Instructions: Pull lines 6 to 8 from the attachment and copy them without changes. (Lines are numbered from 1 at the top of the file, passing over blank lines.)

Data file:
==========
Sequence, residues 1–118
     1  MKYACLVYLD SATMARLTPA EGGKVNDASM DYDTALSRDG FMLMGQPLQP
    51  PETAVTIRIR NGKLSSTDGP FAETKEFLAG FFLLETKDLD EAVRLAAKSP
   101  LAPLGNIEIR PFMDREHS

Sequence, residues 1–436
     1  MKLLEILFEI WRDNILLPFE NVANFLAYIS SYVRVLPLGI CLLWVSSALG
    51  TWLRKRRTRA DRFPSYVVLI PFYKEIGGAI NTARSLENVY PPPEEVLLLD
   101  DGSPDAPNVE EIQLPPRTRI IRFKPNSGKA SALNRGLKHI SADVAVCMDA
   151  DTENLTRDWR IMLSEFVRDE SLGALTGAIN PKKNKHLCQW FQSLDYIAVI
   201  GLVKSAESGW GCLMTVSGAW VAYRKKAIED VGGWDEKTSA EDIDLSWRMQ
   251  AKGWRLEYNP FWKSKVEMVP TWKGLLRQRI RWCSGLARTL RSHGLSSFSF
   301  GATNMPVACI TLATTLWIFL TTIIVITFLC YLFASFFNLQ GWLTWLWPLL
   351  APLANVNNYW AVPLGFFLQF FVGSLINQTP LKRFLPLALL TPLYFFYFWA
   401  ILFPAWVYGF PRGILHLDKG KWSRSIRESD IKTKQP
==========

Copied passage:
     1  MKLLEILFEI WRDNILLPFE NVANFLAYIS SYVRVLPLGI CLLWVSSALG
    51  TWLRKRRTRA DRFPSYVVLI PFYKEIGGAI NTARSLENVY PPPEEVLLLD
   101  DGSPDAPNVE EIQLPPRTRI IRFKPNSGKA SALNRGLKHI SADVAVCMDA